London museums and art galleries are rethinking the gift shop format in line with a growing opportunity to tap into culture fans.
According to a 2016 report by British Association of Leading Visitor Attractions, the UK currently has the highest number of arts and cultural venues per head – making museum retail a sizeable opportunity for investment. Fifty-two per cent of the adult population visited a museum or art gallery in 2015, and the number of visitors to cultural institutions across the UK increased by 3.2% from 2014 to 2015. London alone saw 65 million visitors to its museums and galleries.
A special emphasis is being placed on flexibility, experiential initiatives and zoning.
- Showcasing New Talent: London architecture studio AHMM has designed a new shop at the Barbican Arts Centre. Spanning 3,500 sq ft+, the space (opening October 2016) will house a pop-up showcasing the work of emerging artists/designers on a revolving, two-month basis – a key platform for spotlighting new talent. All furniture in the store will be modular, flexibly enabling the space to be rearranged for seasonal displays and events (see also Flexible Store Formats). The interior retains the aesthetics of the original building, featuring textured concrete and a lightly coloured metallic finish on the vitrines and shop counters that alludes to the building's ironmongery and stair handrails.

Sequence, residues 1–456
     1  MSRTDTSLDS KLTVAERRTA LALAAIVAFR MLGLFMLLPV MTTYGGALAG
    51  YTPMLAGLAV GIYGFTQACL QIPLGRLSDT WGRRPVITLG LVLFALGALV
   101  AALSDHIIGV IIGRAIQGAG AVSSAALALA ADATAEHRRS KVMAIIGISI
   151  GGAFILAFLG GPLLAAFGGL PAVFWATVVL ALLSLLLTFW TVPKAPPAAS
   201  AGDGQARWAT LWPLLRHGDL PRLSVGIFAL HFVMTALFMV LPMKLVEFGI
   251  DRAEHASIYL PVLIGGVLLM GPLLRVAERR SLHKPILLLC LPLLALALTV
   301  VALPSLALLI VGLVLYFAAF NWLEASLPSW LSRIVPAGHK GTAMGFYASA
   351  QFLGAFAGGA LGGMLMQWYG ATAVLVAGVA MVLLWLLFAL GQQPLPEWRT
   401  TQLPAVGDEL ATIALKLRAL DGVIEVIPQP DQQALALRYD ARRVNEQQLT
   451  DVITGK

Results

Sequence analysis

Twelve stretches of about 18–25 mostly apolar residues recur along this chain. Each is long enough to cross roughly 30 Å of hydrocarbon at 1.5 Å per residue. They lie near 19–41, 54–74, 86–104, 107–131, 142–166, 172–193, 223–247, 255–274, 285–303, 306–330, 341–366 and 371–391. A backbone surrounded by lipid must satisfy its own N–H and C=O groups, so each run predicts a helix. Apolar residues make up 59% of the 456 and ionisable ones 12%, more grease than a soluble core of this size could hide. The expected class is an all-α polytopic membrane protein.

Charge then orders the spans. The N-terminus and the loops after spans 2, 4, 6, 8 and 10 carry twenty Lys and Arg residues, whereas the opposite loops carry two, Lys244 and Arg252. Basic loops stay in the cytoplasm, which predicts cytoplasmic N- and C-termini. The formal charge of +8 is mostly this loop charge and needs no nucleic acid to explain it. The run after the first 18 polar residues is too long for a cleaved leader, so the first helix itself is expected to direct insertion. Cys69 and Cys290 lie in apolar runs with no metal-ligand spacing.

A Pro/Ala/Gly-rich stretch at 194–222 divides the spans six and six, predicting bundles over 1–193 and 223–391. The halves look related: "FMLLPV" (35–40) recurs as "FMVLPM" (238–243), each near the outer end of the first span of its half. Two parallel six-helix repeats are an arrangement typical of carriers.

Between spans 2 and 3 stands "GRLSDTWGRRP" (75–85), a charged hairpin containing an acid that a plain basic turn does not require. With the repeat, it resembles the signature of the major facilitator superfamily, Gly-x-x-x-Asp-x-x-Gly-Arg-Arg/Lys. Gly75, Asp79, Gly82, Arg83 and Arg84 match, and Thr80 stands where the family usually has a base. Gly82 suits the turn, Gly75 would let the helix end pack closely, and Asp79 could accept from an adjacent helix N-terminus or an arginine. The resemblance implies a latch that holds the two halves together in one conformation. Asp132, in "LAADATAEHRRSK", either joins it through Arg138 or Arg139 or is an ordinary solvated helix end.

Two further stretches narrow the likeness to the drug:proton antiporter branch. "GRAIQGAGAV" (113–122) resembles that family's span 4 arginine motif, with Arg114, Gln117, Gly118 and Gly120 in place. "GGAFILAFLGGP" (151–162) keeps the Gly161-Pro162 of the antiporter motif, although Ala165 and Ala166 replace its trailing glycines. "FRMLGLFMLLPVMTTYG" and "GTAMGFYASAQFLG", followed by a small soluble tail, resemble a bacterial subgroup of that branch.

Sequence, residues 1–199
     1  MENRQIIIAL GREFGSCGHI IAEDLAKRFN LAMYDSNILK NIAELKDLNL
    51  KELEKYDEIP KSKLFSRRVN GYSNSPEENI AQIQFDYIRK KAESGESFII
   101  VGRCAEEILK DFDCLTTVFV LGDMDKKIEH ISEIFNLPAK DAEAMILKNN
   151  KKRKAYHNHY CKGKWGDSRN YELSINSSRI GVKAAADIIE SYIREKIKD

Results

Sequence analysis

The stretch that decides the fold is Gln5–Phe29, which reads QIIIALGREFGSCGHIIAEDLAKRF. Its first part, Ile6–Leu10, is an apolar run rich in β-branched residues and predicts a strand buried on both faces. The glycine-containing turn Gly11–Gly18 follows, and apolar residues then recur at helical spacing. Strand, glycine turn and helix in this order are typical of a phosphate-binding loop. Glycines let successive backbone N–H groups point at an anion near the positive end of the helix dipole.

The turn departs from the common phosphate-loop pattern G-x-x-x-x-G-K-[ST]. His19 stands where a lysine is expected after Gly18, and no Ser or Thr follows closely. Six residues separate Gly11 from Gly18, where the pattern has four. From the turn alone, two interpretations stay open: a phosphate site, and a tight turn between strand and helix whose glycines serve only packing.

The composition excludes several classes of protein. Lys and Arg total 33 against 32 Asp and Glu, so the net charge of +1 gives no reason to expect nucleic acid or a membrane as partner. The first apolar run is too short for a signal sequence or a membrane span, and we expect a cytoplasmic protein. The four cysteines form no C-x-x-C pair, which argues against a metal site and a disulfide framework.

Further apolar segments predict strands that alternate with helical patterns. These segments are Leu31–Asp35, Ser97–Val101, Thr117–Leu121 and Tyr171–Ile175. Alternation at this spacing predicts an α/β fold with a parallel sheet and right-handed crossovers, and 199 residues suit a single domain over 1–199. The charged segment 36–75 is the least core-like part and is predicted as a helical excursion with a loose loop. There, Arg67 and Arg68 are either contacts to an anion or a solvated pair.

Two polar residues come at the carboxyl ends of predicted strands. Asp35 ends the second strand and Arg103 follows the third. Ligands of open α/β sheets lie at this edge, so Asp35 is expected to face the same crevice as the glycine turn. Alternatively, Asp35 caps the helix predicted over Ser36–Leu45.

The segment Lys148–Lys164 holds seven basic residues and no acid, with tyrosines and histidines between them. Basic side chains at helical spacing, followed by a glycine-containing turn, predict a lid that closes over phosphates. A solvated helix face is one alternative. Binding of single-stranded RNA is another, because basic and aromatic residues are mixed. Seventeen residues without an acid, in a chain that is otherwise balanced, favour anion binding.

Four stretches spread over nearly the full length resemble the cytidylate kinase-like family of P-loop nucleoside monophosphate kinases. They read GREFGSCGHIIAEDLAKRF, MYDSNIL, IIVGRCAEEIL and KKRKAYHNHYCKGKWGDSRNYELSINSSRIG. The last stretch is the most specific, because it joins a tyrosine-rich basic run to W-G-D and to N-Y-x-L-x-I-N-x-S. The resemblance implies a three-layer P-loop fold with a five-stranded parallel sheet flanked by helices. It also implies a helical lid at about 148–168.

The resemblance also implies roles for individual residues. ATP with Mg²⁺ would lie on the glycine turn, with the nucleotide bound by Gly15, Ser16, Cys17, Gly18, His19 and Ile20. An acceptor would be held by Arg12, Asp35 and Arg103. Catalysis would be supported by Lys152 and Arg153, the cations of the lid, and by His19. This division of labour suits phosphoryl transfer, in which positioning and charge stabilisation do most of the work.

- Simplicity Focus: Ahead of its November 2016 relocation from Shad Thames to Kensington, the Design Museum has unveiled its new store, designed by acclaimed British architect John Pawson, who also orchestrated the museum's interiors. Combining stained oak, glass and terrazzo, the smoke grey, 820 sq ft store oozes simplicity. Its range of 'design classics', general design books and branded exhibition merchandise are displayed on shelving created by equally acclaimed German designer Dieter Rams.